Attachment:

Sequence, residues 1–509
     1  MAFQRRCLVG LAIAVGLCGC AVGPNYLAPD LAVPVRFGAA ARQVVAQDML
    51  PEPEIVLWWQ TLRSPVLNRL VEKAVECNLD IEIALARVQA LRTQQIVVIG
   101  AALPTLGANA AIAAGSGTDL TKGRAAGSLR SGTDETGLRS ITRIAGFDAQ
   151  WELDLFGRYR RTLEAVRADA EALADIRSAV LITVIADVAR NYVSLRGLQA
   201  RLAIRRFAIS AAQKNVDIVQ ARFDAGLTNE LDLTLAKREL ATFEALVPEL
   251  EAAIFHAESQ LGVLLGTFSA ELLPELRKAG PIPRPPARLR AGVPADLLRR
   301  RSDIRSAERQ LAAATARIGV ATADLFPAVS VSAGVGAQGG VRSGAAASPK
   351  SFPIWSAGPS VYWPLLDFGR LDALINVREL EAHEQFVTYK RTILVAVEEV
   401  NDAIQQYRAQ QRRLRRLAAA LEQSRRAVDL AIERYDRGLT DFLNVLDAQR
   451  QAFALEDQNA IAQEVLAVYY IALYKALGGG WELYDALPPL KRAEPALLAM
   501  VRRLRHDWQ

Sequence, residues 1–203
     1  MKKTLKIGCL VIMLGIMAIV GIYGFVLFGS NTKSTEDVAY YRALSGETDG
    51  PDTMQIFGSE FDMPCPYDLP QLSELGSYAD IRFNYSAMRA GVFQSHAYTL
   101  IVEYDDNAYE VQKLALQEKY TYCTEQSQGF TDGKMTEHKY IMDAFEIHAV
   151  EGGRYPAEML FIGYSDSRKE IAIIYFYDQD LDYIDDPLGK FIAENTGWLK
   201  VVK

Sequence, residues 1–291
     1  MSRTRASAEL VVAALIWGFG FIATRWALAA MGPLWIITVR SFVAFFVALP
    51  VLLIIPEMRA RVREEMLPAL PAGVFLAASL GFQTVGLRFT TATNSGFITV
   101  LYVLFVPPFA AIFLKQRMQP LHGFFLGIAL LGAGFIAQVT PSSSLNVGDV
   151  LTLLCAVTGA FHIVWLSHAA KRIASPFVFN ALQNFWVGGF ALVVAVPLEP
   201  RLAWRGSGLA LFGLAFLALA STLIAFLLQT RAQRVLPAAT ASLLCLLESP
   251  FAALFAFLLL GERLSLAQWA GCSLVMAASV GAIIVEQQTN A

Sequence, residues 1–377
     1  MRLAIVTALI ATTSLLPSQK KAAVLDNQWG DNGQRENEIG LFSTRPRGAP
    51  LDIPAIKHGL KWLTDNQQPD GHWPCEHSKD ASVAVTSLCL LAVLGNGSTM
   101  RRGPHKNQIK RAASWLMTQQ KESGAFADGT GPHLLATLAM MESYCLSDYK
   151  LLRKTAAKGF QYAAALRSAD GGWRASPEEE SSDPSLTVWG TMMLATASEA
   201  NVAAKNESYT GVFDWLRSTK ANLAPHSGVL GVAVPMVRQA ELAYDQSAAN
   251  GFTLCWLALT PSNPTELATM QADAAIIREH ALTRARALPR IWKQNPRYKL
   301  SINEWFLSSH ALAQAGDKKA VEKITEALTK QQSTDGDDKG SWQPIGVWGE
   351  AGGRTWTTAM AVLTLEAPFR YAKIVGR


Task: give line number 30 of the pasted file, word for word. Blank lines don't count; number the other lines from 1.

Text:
   151  LLRKTAAKGF QYAAALRSAD GGWRASPEEE SSDPSLTVWG TMMLATASEA